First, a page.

Telco dips for first time as major US pay-TV providers lose about 385,000 subs in 2015 | Media Analysis | Business
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A survey from the Leichtman Research Group has revealed that 2015 was a tough year for the US pay-TV arena, with the 13 largest pay-TV providers losing around 385,000 net video subscribers in the year.

LRG noted that top pay-TV providers accounted for 94.2 million subscribers - with the top nine cable companies having over 49 million video subscribers, satellite TV companies about 33.7 million subscribers, and the top telephone companies nearly 11.5 million subscribers.

Yet beneath these numbers was the fact that the industry lost so many subs. The 2015 losses compared with a dip of 150,000 subscribers in 2014, and a loss of about 100,000 subscribers in 2013.

The top nine cable companies alone lost about 345,000 video subscribers in 2015, compared with around 1.2 million subscribers in 2014. These losses were the fewest in any year since 2006. By contrast satellite TV providers added 86,000 subscribers in 2015 — including gains from DISH's Internet-delivered Sling TV — compared with a gain of 20,000 in 2014. Discounting Sling TV numbers, DBS providers were found to have lost about 450,000 subscribers in 2015.

The biggest loser was the previous stellar telco TV sector where the leading providers lost 125,000 video subscribers in 2015, a huge fall given that the sector added just over a million subs in the previous year. Indeed LRG calculated that IPTV net adds in 2015 were the fewest in any year since the services started in 2006.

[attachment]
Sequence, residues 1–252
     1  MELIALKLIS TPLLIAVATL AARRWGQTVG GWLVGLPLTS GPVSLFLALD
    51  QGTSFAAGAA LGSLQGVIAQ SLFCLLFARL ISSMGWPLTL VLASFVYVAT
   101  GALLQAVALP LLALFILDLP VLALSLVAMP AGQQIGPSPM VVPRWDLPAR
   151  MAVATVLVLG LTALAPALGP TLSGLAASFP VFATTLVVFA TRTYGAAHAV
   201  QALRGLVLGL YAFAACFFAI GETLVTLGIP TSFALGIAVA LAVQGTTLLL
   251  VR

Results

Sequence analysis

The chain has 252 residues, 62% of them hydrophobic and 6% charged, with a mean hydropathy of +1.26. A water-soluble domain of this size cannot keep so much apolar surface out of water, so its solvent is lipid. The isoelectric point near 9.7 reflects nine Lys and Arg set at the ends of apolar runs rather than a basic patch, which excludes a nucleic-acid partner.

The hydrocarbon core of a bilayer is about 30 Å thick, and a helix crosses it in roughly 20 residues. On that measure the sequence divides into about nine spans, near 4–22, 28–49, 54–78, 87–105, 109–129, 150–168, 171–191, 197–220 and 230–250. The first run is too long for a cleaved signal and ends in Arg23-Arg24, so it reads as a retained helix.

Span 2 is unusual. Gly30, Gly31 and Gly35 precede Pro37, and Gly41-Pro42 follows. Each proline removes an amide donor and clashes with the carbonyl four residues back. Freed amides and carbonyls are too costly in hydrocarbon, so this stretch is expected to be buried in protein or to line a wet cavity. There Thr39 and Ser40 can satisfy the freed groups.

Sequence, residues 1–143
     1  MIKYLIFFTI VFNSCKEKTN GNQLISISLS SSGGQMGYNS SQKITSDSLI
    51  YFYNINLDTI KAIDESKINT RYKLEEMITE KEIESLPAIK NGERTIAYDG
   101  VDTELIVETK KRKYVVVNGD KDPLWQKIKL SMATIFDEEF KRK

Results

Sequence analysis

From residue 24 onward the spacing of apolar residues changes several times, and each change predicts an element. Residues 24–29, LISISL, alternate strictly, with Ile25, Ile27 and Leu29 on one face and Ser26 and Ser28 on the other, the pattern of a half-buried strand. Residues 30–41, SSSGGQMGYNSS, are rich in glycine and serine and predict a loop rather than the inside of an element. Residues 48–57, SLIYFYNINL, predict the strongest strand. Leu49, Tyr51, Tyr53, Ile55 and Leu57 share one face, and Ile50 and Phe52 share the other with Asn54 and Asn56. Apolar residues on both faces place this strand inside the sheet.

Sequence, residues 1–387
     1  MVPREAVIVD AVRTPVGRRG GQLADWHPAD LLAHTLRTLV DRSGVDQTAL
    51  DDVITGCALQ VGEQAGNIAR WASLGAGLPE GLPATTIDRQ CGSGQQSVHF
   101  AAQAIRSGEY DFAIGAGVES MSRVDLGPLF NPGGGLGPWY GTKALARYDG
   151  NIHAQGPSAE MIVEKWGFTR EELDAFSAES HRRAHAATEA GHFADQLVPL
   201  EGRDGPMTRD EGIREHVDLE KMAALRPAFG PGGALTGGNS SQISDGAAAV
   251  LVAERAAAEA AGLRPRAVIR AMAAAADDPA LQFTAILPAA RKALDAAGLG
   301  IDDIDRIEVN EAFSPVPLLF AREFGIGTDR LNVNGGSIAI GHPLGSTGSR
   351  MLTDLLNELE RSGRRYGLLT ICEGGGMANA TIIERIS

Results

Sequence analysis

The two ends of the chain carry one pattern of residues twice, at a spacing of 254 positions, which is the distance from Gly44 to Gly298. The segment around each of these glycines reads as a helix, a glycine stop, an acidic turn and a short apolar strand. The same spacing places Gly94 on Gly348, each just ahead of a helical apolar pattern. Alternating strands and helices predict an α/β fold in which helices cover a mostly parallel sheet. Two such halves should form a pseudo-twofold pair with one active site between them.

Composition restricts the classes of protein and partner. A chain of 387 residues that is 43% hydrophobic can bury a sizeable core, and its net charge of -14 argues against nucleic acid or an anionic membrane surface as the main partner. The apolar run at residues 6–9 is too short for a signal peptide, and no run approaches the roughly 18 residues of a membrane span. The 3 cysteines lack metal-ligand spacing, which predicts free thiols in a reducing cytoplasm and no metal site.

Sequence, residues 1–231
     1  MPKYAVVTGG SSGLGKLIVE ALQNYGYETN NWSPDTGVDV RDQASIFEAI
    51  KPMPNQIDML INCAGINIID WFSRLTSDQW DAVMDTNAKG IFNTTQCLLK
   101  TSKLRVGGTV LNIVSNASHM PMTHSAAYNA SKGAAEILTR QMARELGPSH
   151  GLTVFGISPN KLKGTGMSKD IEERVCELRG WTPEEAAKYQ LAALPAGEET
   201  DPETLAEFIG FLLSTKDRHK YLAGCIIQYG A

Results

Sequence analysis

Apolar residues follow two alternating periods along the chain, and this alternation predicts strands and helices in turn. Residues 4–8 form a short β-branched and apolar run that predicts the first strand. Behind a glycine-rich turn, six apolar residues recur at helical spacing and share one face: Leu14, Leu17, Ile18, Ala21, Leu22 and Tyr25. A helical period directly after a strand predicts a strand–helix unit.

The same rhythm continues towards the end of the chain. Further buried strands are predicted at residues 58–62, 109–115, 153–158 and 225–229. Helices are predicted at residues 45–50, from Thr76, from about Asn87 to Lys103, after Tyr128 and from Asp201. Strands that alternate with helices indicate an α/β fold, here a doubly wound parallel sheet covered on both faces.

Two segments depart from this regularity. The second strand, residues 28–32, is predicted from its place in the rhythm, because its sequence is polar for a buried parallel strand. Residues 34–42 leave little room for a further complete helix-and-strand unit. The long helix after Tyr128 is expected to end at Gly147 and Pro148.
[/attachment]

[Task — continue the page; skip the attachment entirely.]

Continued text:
“2015 marked the third consecutive year for pay-TV industry net losses, yet the total number of subscribers for major pay-TV providers (including DISH's Sling TV) has declined by less than one million since the industry peaked in 1Q 2012,” said Bruce Leichtman, president and principal analyst for Leichtman Research Group. “2015 also saw significant shifts for cable and Telco providers. The top cable providers cumulatively had their best year since 2006, and had about 870,000 fewer losses than in 2014. Telcos had about 1,170,000 fewer net additions than in 2014, and had their worst year since they began providing video services in 2006.”

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